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Trial by Fire - Did Texas execute an innocent man?

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The fire moved quickly through the house, a one-story wood-frame structure in a working-class neighborhood of Corsicana, in northeast Texas. Flames spread along the walls, bursting through doorways, blistering paint and tiles and furniture. Smoke pressed against the ceiling, then banked downward, seeping into each room and through crevices in the windows, staining the morning sky.
Buffie Barbee, who was eleven years old and lived two houses down, was playing in her back yard when she smelled the smoke. She ran inside and told her mother, Diane, and they hurried up the street; that’s when they saw the smoldering house and Cameron Todd Willingham standing on the front porch, wearing only a pair of jeans, his chest blackened with soot, his hair and eyelids singed. He was screaming, “My babies are burning up!” His children—Karmon and Kameron, who were one-year-old twin girls, and two-year-old Amber—were trapped inside.
Willingham told the Barbees to call the Fire Department, and while Dia…

Don't mess with Texas, where law is hard, mistakes common

Harris County Precinct 4, Texas
Harris County Precinct 4, Texas
Among the 3,000 counties that make up the United States, there is 1 in Texas where it's best not to mess with the law, because justice is hard and mistakes are common.

Harris County has executed a record 125 people since the US Supreme Court overturned the death penalty in 1976.

"The best answer I know is that it's a huge county -- 4 million people -- that's very conservative, in an active death penalty state, and for a long time had a notoriously blood thirsty DA," Samuel Gross of the University of Michigan law school told AFP.

Home to the sprawling city of Houston, Harris County accounts for 9 % of all modern US executions.

It has executed more people than that any of the 31 states which administer the death penalty, except for the state of Texas as a whole.

"There are 4 major reasons why Harris County has put so many people on death row: overzealous prosecutors, poor legal representation, racial bias, and the absence of a life without parole sentencing option until 2005," said Robert Dunham, director of the Death Penalty information Center.

Studies have shown that Harris County prosecutors were three times more likely to seek the death penalty against African Americans than against white defendants between 1992 and 1999. Juries there were more than twice as likely to impose death sentences on African Americans during the same period.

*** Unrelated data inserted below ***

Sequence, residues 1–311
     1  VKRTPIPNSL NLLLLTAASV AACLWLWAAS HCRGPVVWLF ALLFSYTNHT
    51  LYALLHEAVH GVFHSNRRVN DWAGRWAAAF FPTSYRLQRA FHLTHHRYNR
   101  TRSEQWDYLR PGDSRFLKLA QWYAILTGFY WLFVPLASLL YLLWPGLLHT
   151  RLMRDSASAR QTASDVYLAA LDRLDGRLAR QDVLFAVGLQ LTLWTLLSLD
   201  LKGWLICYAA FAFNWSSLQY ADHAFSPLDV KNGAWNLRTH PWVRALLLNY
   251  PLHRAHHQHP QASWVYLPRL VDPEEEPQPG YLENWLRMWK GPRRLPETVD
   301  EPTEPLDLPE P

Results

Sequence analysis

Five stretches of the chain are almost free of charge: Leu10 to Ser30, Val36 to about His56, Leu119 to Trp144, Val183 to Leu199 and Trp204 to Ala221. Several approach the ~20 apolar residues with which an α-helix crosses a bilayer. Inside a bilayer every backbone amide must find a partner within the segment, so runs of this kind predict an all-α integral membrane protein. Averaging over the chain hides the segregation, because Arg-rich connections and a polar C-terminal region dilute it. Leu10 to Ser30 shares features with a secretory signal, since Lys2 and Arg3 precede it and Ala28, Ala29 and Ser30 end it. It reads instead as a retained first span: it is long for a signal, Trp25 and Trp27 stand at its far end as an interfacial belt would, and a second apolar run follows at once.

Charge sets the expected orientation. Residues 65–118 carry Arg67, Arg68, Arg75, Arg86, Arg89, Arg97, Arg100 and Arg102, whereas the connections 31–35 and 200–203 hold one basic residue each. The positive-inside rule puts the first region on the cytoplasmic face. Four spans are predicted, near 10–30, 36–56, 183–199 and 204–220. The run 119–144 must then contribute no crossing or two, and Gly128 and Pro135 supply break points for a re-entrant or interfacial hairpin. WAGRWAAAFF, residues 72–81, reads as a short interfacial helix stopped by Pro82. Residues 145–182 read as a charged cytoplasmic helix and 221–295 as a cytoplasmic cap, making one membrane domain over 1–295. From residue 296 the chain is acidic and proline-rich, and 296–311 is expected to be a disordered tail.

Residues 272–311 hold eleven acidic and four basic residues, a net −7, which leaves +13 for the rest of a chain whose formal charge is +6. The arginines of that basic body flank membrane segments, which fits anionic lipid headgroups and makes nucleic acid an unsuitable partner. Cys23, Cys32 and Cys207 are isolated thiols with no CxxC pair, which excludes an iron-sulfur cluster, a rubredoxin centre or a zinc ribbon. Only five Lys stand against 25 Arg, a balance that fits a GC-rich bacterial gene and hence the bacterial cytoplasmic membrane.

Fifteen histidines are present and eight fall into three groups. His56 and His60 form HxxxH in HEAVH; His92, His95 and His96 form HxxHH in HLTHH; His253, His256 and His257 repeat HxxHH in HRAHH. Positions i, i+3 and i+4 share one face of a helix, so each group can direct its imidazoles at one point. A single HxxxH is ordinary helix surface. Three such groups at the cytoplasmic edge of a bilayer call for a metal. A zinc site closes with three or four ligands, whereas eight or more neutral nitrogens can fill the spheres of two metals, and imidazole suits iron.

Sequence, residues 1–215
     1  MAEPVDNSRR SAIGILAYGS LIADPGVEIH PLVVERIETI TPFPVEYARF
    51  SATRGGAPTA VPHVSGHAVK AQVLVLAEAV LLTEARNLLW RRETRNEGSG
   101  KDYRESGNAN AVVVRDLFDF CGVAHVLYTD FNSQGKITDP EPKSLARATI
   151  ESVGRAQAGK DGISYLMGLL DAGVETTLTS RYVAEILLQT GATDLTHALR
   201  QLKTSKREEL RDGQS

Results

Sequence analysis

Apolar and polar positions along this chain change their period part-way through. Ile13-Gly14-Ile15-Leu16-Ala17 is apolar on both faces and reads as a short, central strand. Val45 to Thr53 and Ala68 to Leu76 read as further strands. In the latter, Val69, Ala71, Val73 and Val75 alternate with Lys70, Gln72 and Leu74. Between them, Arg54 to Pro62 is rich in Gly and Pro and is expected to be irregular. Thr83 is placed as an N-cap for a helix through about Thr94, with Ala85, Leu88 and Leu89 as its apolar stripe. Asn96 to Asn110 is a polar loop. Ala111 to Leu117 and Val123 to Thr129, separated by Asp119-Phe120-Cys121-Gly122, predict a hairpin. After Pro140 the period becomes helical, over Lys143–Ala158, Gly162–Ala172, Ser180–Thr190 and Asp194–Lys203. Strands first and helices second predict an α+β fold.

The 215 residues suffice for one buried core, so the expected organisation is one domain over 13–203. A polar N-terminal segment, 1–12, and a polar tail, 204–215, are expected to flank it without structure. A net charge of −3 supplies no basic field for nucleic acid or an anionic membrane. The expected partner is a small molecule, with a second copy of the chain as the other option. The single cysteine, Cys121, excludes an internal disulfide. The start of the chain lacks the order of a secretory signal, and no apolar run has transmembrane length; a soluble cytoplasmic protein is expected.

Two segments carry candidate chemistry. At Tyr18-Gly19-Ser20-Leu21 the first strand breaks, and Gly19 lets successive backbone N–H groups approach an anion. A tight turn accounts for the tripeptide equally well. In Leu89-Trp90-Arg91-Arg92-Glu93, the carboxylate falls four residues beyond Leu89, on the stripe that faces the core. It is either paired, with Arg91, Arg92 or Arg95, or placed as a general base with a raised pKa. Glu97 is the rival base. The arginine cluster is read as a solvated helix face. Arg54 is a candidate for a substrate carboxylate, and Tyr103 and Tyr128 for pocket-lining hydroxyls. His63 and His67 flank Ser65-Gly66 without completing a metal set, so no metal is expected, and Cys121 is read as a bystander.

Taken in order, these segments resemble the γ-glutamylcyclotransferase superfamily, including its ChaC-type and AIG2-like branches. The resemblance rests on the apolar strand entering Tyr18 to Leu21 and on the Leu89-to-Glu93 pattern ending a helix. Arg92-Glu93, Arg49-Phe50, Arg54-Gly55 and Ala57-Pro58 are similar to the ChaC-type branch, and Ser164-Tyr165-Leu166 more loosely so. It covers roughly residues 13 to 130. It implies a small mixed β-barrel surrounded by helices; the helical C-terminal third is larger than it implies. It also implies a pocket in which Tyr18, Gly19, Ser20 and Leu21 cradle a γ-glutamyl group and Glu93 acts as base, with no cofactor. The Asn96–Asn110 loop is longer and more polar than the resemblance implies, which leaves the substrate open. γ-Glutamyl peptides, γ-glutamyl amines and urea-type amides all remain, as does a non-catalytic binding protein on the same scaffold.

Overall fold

Lawyers for Duane Buck, sentenced to die in Harris County in 1997, filed an appeal with the Supreme Court Thursday because an expert witness told jurors he posed a higher risk of recidivism because he was black.

- Pleading guilty, even if innocent -

Harris County also accounted for 1/3 of the nation's exoneration cases in 2015, according to a study Gross published Wednesday.

Many of those who spent years behind bars until they could prove their innocence are African Americans like Alfred Brown, who was arrested in 2003 at the age of 21 for a double homicide and sentenced to death in 2005.

Prosecutors suppressed phone records showing Brown was at his girlfriend's home at the time of the crime and jailed his girlfriend on perjury charges until she agreed to testify against him, according to a series of columns which netted Houston Chronicle reporter Lisa Falkenberg a Pulitzer Prize.

Brown was released in June after 12 years behind bars.

The vast majority of exonerations are in drug cases where people caught up in the system are pressured to plead guilty because they have little hope of clearing their names.

"It's shocking but it is very common," said Jim Cohen, a professor at Fordham Law School.

"They are pushed by the prosecutor and they are pushed by the defense attorney because the defense attorney is saying, 'if you don't plead guilty and you are convicted after trial, you're going to get a much bigger sentence'."

But the evidence which pushed them to confess was often flawed or even inadmissible.

The field tests used by police in Harris County and elsewhere in the nation are "notoriously unreliable," and "routinely misidentify everything from Jolly Ranchers (candies) to chalk to motor oil as illegal drugs," the University of Michigan report said.

"They are inadmissible as evidence in court but sufficient to justify an arrest and they may convince an innocent defendant that she is bound to be convicted at trial."

Some of those who plead guilty might have thought the pills or powders they were carrying contained illegal drugs when they did not, the study concluded.

Others, especially those with previous convictions who could not afford to post bail, agreed to "attractive plea bargains" rather than risking years in prison.

Source: Yahoo News, February 6, 2016

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